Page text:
One of the most frequently asked questions I get from non-swimmers is: "Doesn't it get boring looking at the same black line, up and down the pool, day in and day out?"
Although I hate to admit it, the answer to that question is simply "Yes, it sometimes can get boring." So how do you stay focused, or interested enough, to keep swimming on a regular basis without burning out?
The solution may be so obvious that it's not readily apparent: try cross-training.
As a swimmer who has stared at that black line enough to probably pave the circumference of the earth with it a few times over, I have taken up running, cycling, weightlifting, and aerobics from time to time to break the monotony of this lonely sport.
While I still prefer swimming and opt to jump in the water at least four times a week, the cross-training has not only helped me stay focused and appreciative of my time in the water, but it has made me a better swimmer.
Of all the activities you can do to complement your swimming, running is perhaps the most beneficial. It helps develop cardiovascular endurance, and it requires hardly any skill or coordination (a welcome blessing for most swimmers). Better yet, running is easy to take up and do just about anywhere (especially if you're a frequent business traveler and can not always find a pool).
If you have never run before, the most important first step you can take is buying the right shoe. Go to a store that specializes in running shoes; make sure the shoe salesman has running experience if possible; if not, be wary of his advice as he may be trying to sell you a pricey shoe that his manager wants to get off the shelves.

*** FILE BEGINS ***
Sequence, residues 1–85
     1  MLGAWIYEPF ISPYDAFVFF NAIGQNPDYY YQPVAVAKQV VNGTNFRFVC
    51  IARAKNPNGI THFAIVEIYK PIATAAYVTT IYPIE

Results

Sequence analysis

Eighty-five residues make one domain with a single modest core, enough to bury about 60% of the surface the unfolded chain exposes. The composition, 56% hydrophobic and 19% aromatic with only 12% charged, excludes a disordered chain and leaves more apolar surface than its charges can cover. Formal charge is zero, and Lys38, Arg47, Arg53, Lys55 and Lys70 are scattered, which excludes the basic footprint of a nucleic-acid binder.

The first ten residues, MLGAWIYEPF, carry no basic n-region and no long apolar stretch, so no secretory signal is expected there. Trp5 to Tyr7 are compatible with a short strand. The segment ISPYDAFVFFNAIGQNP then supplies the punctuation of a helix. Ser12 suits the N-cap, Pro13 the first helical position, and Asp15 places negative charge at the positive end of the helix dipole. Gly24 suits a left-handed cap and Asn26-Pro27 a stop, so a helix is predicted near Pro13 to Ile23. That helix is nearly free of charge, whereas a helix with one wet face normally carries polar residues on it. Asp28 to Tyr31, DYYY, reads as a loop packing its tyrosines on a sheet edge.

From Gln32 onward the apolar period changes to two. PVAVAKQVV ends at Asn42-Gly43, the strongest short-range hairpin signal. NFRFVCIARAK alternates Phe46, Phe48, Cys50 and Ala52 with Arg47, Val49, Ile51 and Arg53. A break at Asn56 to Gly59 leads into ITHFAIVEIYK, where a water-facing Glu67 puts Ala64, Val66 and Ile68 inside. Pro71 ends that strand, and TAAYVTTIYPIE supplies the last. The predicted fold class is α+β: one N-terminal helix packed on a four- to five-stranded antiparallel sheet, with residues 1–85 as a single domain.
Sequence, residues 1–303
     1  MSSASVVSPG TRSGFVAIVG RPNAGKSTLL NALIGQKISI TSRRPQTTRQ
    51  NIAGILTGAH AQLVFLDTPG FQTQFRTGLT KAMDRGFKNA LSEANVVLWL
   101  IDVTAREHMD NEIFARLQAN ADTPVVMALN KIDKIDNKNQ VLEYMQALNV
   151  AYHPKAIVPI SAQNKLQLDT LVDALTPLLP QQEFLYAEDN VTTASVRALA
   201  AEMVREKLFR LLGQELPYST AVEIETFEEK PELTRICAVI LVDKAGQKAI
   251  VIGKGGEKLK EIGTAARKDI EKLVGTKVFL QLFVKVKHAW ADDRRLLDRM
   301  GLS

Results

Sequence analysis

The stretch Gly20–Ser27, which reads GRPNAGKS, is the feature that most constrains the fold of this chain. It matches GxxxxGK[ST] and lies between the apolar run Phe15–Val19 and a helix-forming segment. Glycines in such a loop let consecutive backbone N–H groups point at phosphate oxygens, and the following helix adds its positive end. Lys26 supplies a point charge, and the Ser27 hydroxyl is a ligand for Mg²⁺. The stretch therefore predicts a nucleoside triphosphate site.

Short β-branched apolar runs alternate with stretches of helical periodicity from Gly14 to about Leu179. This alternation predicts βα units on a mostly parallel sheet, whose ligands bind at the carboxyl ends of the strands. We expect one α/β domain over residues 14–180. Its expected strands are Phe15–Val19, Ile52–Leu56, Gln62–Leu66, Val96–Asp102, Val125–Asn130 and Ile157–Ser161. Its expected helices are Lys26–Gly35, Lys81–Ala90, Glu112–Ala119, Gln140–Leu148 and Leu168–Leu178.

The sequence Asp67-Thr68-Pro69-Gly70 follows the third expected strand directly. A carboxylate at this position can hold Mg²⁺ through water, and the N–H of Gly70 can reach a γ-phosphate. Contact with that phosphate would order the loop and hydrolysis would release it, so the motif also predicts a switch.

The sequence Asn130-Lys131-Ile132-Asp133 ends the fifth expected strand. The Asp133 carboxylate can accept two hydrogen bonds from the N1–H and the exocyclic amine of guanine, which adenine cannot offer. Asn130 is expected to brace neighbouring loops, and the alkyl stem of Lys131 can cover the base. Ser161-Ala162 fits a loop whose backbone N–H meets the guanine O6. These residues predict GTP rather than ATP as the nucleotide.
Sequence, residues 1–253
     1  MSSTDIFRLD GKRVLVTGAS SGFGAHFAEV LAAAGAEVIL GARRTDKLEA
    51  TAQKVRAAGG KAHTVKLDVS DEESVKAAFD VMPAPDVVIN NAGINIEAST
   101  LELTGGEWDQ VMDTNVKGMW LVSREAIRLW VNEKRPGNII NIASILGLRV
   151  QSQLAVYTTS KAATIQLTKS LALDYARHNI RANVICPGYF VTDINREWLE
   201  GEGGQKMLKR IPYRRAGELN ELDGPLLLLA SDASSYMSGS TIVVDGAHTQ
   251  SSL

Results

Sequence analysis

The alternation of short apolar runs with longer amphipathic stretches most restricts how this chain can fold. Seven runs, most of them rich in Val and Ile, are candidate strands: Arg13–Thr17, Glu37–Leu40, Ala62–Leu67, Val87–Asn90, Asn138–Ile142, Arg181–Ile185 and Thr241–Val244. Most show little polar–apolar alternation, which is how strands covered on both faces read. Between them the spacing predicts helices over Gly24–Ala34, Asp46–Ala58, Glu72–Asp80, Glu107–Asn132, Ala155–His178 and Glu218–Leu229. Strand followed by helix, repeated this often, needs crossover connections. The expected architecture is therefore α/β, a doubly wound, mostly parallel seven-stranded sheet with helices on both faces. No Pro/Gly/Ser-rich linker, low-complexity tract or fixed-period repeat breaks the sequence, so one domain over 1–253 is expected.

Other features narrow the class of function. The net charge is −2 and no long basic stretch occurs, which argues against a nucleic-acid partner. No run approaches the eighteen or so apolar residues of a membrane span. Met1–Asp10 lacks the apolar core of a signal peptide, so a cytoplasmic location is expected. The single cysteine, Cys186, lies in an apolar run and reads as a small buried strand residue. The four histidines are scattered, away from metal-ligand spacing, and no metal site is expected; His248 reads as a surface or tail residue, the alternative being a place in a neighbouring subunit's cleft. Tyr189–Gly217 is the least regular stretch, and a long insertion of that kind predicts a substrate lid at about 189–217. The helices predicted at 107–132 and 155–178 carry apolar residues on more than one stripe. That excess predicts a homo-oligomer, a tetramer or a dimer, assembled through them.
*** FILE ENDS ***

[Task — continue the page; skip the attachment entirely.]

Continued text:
While I cannot recommend the best shoe for you personally, I will suggest trying on several brands, and jogging in them before you buy a pair.
Once you have your shoes and you have broken them in during a week of normal daily activity (this will prevent the onset of blisters during your first run), try going for a two-mile jog. Eight minutes is a reasonable pace, and chances are you will not feel winded or fatigued at the end of your 16-minute trial.
A soft dirt or rubber track is a great place to start, and preferable to concrete or asphalt. If you have no other options, stick to asphalt, which is softer than concrete. Keep in mind that running on any hard surface over long periods of time can take its toll on your body, and be aware of aches and pains that may result from running on pavement (if that happens, stop running or find a track!).
Regardless of how good you feel, do not run farther than the initial two miles. For the next two weeks, you need to acclimate your body to running every other day. It is a shock to the system if you have not run before to suddenly start this high-impact activity, so ease into it. Give yourself a day of recovery after each run (a good time to continue your swimming!). After the first week, ramp up to three miles.
Each week, add a mile to your running workout. Always remember to stretch before and after your run, and if possible do a short swim afterwards as well. By the time you get to eight miles, you should be running comfortably for the duration of your hourlong jog.
Because running is meant to complement your swimming, I won't suggest doing sprints or interval training. The nice thing about a leisurely run is that it offers a break from pace-clock training and, if you are not confined to a track, an opportunity to cover new ground (literally!) and enjoy new surroundings.
Best of all, you will notice that your cardiovascular capacity will increase over the next couple of weeks and benefit your swimming.
During the winter months, I am more motivated to run than I am to swim, and I train accordingly. A few years ago I began running marathons, and while the experience was new and exciting, it resulted in an injury that sent me back to the pool.
Swimmers need to know their place, I guess, but in moderation, there's nothing wrong with broadening your horizons and looking beyond that narrow black line.
Alex Kostich was an All-American swimmer at Stanford and is an open-water masters swimming champion.